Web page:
Remote Control



Brian Donaldson finds alpha males and reconstructed women are running amok in new US dramas

What could the worlds of American contemporary mobsters and 1960s ad men possibly have in common? Actually, more than you’d imagine after you’ve seen a couple of episodes of Mad Men (BBC4, Sun 2 Mar, 10pm •••). Creator Matthew Weiner earned his stripes as one of David Chase’s battery of writing talents, and he hasn’t taken too long to get his first post-Sopranos venture on air. The clammy atmosphere of the Bada Bing! may be a stark contrast to the brilliant sheen of the Sterling Cooper ad agency offices on Madison Avenue but the gender rituals are hauntingly familiar with the shark-like males swimming around the typing pool preparing to strike; the actress formerly known as the President’s daughter in The West Wing has two passes to deal with in the opening episodes.

It’s of little surprise that this drama has at its heart a complex alpha male, so ladies and gentlemen, we present Don Draper, a suave, constantly smoking family man with a moll on the side who has had to crack a few skulls to get where he is today. In his public life, he’s the company’s reative director and junior partner, but has a secretive, explosive past that will slowly be revealed. Oh, and add an ‘e’ to the first word of the title and what have you got?

And add a ‘less’ to the final word of The Kill Point (Bravo, Wed 5 Mar, 10pm ••) and you’ll be getting close to the feeling of despair while watching this hackneyed heist effort. A cast of grizzled males (especially John Leguizamo who heads up a team of caring armed robbers and Donnie Wahlberg as the worst hostage negotiator you’ve ever seen) skulk around this cliché-filled drama in which a bank robbery goes badly wrong leading to a tense siege situation and, well, you know much of the rest. The only twist is the reason why the robbers are doing what they do. Which won’t be enough to keep you watching beyond the opening episode.

Seems that these days, every fictional cop has to have some sort of quirk, whether it’s a cop with obsessive compulsive disorder (Monk), a cop with Tourette’s (Jonathan Lethem’s novel Motherless Brooklyn) or, as in Moonlight (Living, Tue 4 Mar, 10pm ••) a cop who also happens to be a vampire. We should probably leave that one there. In Dexter (ITV1, Wed 5 Mar, 10.35pm ••••), the twist is that our anti-hero is a police forensics expert during the day and a serial killer by night, torturing and murdering those who have themselves brutalised their innocent victims. The added twist is that the lead role is played by Michael C Hall who we last saw patching up dead bodies as David Fisher in Six Feet Under. There’s a voiceover in Moonlight which is pure hackneyed pulp noir but Hall’s velvety tones are utilised superbly to raise moral questions about his deeds and set the scene for further anarchy. Let’s hope that Dexter, like the blood, will run and run.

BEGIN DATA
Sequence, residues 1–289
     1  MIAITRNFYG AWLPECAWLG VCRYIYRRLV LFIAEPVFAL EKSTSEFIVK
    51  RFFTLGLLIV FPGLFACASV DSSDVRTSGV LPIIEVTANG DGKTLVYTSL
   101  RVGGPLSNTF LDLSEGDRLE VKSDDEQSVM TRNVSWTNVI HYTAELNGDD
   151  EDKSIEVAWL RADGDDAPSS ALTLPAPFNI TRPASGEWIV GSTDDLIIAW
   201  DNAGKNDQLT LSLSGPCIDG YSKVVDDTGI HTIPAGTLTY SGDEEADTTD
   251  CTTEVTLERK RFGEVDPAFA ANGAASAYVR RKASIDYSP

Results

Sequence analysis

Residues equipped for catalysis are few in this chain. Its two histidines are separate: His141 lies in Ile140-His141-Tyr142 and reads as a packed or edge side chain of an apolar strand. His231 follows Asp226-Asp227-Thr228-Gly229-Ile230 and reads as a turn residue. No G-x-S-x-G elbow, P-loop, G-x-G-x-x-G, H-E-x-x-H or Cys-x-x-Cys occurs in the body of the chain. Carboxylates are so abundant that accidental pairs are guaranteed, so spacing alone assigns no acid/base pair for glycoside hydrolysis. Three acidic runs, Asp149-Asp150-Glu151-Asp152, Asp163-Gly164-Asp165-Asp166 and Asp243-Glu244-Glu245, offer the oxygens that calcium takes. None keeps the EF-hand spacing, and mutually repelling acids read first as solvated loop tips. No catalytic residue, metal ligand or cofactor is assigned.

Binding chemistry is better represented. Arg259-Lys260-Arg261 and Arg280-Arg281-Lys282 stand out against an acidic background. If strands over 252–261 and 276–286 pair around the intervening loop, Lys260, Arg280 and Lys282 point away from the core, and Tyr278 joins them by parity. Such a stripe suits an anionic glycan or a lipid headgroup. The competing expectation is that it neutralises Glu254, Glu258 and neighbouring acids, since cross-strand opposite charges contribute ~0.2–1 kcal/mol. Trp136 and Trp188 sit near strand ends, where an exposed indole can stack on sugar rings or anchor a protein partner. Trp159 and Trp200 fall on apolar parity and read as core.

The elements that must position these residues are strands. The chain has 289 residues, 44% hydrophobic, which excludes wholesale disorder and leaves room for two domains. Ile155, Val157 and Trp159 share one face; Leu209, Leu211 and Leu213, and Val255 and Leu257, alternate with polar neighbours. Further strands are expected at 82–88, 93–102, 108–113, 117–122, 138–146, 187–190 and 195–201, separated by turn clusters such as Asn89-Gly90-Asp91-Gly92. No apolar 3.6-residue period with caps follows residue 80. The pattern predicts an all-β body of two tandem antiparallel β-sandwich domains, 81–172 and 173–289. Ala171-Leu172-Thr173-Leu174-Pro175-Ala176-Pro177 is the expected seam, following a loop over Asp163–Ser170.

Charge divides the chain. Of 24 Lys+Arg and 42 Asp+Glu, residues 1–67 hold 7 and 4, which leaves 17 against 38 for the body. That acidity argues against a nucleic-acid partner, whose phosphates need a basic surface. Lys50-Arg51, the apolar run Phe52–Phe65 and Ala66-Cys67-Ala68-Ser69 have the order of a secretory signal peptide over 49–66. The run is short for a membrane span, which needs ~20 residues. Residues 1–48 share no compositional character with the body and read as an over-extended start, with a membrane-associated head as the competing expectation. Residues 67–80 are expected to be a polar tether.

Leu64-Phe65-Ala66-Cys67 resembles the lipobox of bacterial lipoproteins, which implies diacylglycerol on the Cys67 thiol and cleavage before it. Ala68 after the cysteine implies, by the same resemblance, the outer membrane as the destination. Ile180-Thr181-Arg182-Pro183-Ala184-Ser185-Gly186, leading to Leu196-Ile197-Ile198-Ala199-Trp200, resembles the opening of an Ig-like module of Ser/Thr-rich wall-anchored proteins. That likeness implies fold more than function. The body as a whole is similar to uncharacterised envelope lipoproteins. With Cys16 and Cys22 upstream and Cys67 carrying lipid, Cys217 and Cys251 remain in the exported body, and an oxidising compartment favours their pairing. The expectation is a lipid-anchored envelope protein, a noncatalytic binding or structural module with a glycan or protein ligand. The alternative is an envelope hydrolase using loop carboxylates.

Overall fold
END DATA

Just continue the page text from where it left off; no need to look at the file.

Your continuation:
And so we come to the remake of Bionic Woman (ITV2, Tue 11 Mar, 9pm •) which initially raised eyebrows for its choice of Michelle Ryan to play the reconstructed Jaime Sommers. Best known for moping through about eight million episodes of EastEnders as the never chipper Zoë Slater, the Americans must have taken to her presumably for showing up in Jekyll last year. If people were amazed that she scooped this role, they’ll be totally bamboozled at how appalling the end result is. Not all of it is Ryan’s fault as she has pulled off a passable US accent (more Albuquerque than Albert Square) but it’s the words that come out of her and anyone’s else’s mouth that really lets this hokum down. We get exchanges such as: ‘Where am I going?’ ‘Rehab.’ ‘What for?’ ‘Rehabilitation.’ While the top line of the opener has to be: ‘Timebombs only matter to those who have time.’ Bionic woman, moronic script.

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